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Nigerian police offer $300,000 reward to recover 276 missing girls

NigeriaArmed ConflictsUnrest, Conflicts and WarFranceSlaveryHuman RightsBoko Haram
Nigerian police offer a reward of $300,000 for the recovery of nearly 300 abducted schoolgirls
More attacks are reported in Nigeria as a high-level economic conference opens in the capital, Abuja
Boko Haram warns girls in northern Nigeria to not go to school, to stay home and get married

Nigerian police offered a $300,000 reward Wednesday for information leading to the rescue of about 276 schoolgirls abducted last month by Islamists militants in northern Nigeria.

The militants, members of the violent group Boko Haram, have threatened to sell the girls into slavery.

The reward is a huge amount in Nigeria's most poverty-stricken region, where unemployment is high and the economy has been destroyed by the Boko Haram insurgency.

Security was tight Wednesday in the capital, Abuja, for the beginning of the World Economic Forum in Africa, the continent's version of the international conference held in Davos, Switzerland. The clampdown came amid fears that Boko Haram might unleash another terror attack after two recent bombings in Abuja killed dozens of civilians.

Continuing attacks by militants in northeastern Nigeria underscore the military's inability to stem the insurgency, which has paralyzed the economy in the north since 2009 and cost thousands of lives.

About 300 civilians in Gamborou Ngala town in Borno state, Boko Haram's birthplace and main stronghold, were killed when heavily armed militants attacked the town Monday, a local official told Nigerian media.

Gunmen believed to be from Boko Haram opened fire and set houses and shops ablaze, officials from the area told local media. Details of the attack, said to have lasted more than 12 hours, were sketchy.

A day earlier, gunmen believed to be from Boko Haram abducted 11 girls ages 12 to 15 from the Warabe and Wala communities near the town of Gwoza.

Boko Haram adopted the tactic of abducting girls late last year, a move that has attracted more international outrage and attention than its frequent attacks on towns and schools that took dozens and even hundreds of lives.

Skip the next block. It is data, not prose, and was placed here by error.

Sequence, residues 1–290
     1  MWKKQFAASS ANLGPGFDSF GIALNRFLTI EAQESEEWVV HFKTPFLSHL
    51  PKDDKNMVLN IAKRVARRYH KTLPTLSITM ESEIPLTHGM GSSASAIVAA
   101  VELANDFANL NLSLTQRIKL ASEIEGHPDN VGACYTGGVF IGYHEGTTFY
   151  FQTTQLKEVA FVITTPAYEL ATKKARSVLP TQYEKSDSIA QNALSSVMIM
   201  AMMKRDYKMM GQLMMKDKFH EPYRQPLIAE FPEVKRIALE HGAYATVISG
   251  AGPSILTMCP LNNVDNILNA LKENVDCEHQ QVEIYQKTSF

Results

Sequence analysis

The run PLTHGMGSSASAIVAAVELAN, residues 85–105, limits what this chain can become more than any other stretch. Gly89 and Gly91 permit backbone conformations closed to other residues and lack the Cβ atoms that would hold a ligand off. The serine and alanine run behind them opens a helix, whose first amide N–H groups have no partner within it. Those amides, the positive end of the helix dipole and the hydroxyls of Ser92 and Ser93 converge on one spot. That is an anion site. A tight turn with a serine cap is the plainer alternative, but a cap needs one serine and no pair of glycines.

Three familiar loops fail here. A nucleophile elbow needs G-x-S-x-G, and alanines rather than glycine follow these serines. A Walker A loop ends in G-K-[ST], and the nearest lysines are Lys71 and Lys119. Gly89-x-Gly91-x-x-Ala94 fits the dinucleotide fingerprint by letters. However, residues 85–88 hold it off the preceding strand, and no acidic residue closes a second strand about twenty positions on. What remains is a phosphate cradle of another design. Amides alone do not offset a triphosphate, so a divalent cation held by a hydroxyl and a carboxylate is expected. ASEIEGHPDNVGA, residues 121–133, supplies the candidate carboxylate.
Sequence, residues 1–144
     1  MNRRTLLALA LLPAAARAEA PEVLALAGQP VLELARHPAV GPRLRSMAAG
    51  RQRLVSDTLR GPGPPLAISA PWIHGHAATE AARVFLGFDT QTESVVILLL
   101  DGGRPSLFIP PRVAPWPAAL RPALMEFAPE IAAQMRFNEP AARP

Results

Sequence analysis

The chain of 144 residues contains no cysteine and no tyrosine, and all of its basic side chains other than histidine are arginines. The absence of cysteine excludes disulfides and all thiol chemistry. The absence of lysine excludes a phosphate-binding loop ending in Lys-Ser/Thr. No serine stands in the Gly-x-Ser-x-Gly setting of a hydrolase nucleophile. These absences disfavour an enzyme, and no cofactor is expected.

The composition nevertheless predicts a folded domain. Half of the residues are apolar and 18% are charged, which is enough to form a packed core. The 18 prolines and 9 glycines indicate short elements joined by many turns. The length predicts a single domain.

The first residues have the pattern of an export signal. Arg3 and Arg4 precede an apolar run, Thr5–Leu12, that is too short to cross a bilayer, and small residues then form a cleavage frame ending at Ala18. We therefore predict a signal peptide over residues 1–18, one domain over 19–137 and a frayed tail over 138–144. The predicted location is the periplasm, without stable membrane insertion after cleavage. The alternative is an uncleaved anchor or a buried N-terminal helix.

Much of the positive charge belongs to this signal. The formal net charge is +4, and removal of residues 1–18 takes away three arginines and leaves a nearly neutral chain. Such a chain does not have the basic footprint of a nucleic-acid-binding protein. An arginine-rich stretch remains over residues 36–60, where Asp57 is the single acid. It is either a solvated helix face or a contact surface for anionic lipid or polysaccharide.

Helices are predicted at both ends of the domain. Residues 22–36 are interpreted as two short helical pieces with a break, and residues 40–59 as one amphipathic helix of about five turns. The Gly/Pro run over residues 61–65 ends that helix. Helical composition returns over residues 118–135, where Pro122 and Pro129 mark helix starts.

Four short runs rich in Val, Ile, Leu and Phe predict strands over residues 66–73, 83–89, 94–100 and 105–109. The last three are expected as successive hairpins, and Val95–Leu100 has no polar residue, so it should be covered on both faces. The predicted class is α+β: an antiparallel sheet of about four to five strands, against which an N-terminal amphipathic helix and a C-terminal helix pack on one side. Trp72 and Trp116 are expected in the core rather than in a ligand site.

More than three weeks after about 276 girls were abducted from a school in Chibok, authorities have no idea where they have been taken. The girls had gathered at a school to take final exams.

It's not difficult for militants to hide the girls in the vast desert region with porous borders to Cameroon and Niger, with unconfirmed reports some may have been married off to their captors.

In a chilling statement Monday, Boko Haram leader Abubakar Shekau said the group planned to sell the girls "in the market," calling them slaves. Boko Haram opposes secular education and has warned girls in northern Nigeria to not go to school, but rather to stay home and get married. Schools across the region have closed down as terrified parents keep their children at home.

A U.S. team has been sent to Nigeria to help trace the girls and recover them. On Wednesday, France added to that effort and offers from Britain to send help. France, with several thousand troops fighting other Islamist militants in Mali, offered an intelligence unit.

Nigerian police published six telephone hot line numbers for those with information on the location of the missing girls.

“While calling on the general public to be part of the solution to the present security challenge, the Police High Command also reassures all citizens that any information given would be treated anonymously and with utmost confidentiality," a police statement said.

United Nations human rights spokesman Rupert Colville warned Tuesday that selling the schoolgirls into slavery could constitute a crime against humanity, adding that those responsible could face prosecution.

 

 

 

Copyright © 2014, Los Angeles Times
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NigeriaArmed ConflictsUnrest, Conflicts and WarFranceSlaveryHuman RightsBoko Haram
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